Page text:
While the (Time-Warner Cable) acquisition will result in cost-savings for Comcast, the company says, those savings won’t necessarily accrue to customers. "We’re certainly not promising that customer bills are going to go down or that they’ll increase less rapidly," Comcast executive vice president David Cohen has said.

Stopping the merger won’t fix what’s broken in the cable industry. "The reality is, the poor customer service, the anti-consumer stance on net neutrality, the constantly inflating prices, these are all downstream symptoms to be expected from any company allowed to accumulate too much wealth, power, and influence, while also being totally almost completely unchecked by regulation and free-market competition," Block says... 

"This is not getting bigger to provide cheaper service, or economies of scale, or to provide better service," a billing systems manager who worked at Comcast from 2008 to 2013 tells The Verge. "This is getting bigger for the sake of bigness. This is really like, ‘I own 10 Subway stores and now I want an 11th one.’ Well, if your 10 Subway stores have Cs from the health department, I don’t know if you should get an 11th one. Maybe you should work on getting them cleaned out."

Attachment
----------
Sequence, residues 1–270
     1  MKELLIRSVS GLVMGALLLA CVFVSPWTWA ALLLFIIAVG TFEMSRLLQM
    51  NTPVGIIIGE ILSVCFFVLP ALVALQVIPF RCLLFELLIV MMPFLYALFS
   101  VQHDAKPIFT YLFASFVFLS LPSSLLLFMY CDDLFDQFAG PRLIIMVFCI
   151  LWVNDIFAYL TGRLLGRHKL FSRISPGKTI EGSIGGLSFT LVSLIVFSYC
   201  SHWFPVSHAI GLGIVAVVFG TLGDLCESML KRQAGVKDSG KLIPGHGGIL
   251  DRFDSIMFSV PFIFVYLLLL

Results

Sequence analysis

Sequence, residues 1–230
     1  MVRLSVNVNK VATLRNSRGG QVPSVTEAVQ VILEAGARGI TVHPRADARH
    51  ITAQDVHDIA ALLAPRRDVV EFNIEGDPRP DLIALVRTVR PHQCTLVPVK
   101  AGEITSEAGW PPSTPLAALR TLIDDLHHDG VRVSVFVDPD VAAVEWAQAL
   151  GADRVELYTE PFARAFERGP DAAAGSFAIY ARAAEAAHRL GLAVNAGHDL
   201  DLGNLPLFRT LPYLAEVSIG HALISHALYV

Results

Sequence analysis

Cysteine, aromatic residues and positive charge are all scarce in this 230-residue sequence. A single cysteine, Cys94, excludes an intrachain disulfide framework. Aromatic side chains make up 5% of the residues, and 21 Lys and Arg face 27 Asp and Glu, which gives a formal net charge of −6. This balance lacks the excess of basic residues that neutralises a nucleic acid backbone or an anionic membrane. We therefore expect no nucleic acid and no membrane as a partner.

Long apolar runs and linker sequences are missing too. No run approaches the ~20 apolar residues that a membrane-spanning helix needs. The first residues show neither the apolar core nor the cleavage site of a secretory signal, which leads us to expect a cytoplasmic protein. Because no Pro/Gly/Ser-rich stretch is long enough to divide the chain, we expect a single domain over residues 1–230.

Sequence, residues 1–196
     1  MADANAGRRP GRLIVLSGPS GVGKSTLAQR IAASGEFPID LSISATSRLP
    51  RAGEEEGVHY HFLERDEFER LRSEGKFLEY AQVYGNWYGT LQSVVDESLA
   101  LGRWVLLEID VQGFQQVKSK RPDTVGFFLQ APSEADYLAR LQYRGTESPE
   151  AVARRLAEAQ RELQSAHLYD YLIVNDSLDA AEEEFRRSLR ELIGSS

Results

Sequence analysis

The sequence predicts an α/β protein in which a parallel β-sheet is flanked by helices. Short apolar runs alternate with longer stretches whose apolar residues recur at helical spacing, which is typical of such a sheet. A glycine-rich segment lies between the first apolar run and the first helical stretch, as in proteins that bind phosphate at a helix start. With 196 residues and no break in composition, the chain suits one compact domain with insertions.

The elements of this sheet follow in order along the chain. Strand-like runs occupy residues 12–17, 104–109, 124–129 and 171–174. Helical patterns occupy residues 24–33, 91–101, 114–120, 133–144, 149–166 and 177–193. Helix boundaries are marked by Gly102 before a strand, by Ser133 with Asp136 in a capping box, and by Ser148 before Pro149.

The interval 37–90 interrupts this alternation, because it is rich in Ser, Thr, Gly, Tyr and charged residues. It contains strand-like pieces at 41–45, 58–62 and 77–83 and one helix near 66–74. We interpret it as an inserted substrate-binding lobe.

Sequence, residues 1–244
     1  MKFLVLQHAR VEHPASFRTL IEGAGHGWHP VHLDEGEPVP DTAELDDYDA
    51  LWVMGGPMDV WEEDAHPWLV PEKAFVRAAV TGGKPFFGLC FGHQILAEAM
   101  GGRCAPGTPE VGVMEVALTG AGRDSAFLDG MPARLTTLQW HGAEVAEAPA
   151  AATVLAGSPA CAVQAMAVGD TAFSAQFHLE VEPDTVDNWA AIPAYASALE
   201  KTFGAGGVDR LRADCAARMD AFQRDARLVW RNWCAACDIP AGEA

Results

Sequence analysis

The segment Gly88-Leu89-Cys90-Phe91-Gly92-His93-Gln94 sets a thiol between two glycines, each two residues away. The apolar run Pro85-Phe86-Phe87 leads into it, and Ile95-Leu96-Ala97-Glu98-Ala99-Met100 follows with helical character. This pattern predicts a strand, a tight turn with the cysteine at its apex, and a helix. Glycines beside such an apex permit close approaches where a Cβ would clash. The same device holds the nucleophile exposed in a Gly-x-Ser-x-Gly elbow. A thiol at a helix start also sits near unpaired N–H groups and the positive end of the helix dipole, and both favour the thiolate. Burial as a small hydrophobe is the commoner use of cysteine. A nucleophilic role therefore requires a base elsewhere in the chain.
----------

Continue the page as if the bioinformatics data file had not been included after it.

Joseph N. DiStefano
About this blog

PhillyDeals posts raw drafts and updates of Joseph N. DiStefano's columns and stories about Philly-area finance, investment, commercial real estate, tech, hiring and public spending, which he's been writing since 1989, mostly for the Philadelphia Inquirer.

DiStefano studied economics, history and a little engineering at Penn, taught writing at St. Joe's, and has written the book Comcasted, more than a thousand columns, and thousands of articles, and raised six children with his wife, who is a saint.

Reach Joseph N. at JoeD@phillynews.com or 215 854 5194.

Joseph N. DiStefano